Mad World

Injustice anywhere is a threat to justice everywhere.
Martin Luther King, Jr.

On a side not the above picture reminds me of the Sikh Nations own troubles:

We cannot be bystanders, pick a side of the fence. If you see injustice happening - as Sikhs it is your DUTY to act.

Too many times I've seen people sit back and think:

"let those people sort it out" "The R4G Campaign should do something about this..."
"Generations of Sikhs have always done it like this"
"Who am I say whats right and whats wrong"

It's like Bhai Santbir Singh Ji says in the Katha in the post below, "WE ARE GURU KHALSA PANTH" so act as Guru Ji would have. Read your Guru's word in Guru Granth Sahib Ji.

"If theres one thing a Sikh isnt, its a coward".

We gotta make a change...

It's time for us as a people to start makin' some changes.
Let's change the way we eat, let's change the way we live
and let's change the way we treat each other.
You see the old way wasn't working so it's on us to do
what we gotta do, to survive.
Tupac Amaru Shakur 1971+

Update from

Vaheguru ji ka khalsa,
Vaheguru ji ki fatheh!

Khalsa Ji,

The Khalsa has a responsibility to stand up and defend the defenseless, with the grace of the Guru, in the spirit of the Guru’s teachings. We are failing our responsibility with this one crisis - the first genocide of the 21st century, a horrible reality that is happening in the present day as you read these words. There is not enough Sikh activism to help stop this genocide.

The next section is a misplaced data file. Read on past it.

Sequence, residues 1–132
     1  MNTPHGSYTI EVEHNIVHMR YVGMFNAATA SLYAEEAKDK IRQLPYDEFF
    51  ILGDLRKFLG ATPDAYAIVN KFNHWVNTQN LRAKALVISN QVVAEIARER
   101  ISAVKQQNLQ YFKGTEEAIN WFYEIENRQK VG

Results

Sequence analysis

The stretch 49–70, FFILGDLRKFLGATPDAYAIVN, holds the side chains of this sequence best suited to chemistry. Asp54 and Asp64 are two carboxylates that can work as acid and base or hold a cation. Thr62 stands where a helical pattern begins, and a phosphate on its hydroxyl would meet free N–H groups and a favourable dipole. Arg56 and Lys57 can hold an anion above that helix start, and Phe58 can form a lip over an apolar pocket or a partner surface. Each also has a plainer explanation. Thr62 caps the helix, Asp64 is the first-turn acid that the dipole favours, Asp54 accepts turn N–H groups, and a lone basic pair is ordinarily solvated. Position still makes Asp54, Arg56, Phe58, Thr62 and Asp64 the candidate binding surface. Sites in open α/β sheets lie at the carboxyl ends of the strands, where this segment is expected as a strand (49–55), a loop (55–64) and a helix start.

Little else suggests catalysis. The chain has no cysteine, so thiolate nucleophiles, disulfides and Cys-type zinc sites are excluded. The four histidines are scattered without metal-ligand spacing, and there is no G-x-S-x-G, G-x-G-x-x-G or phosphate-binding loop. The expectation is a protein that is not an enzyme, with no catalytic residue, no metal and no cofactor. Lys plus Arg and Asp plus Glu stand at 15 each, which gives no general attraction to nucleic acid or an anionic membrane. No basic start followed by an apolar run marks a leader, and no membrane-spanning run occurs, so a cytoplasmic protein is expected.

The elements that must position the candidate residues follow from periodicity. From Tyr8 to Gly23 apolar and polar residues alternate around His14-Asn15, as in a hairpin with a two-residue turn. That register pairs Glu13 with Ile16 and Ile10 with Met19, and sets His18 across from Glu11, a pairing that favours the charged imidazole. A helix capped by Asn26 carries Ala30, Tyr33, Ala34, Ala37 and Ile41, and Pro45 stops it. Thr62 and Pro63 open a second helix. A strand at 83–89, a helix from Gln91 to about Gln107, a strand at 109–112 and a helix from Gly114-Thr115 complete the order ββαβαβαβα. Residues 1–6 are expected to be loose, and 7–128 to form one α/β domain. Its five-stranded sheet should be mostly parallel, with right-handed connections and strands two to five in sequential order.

Please add this information and the links of and to your blog and Sikhi website. Please do whatever you can to help in this crisis. We are all one human race, children of the same God, and the Khalsa must not only say “sarbat da bhalla” (wellbeing of all) but actually live for it and practice it.


The ethnic conflict in the Darfur region of Sudan has resulted in an estimated 400,000 deaths, 200,000 refugees in Chad, and 2.5 million internally displaced persons (IDPs). The vast majority of these are ethnic-black African Darfurians, many from the three largest ethnic tribes of the Fur, Masaalit, and Zaghawa. The recent cycle of violence, of which the above statistics result from, began in February 2003 when two ethnic-African rebel groups, the Justice and Equality Movement (JEM) and the Sudan Liberation Army (SLA) attacked government outposts. The government of Khartoum (led by the National Congress Party, formerly the National Islamic Front) and its proxy Arab militias (the janjaweed) responded by targeting civilians, in addition to clashing with the rebel groups. The US Congress has labeled the Sudanese government’s counter insurgency strategy “genocide”, while the UN and others have determined Khartoum’s actions to be “war crimes” and “crimes against humanity”. Beyond playing around with terminology, the international community has only meagerly addressed the issue of Darfur. Efforts have been made in three main areas in attempt to manage the conflict, relying heavily on the young African Union: peace negotiations, peace monitoring troops, and diplomatic, symbolic action. As approximately 10,000 civilians continue to die each month due to violence, malnutrition, and disease, the measures taken by the international community – the most capable, experienced, and arguably responsible actors in stopping the conflict – have been too little, too late.

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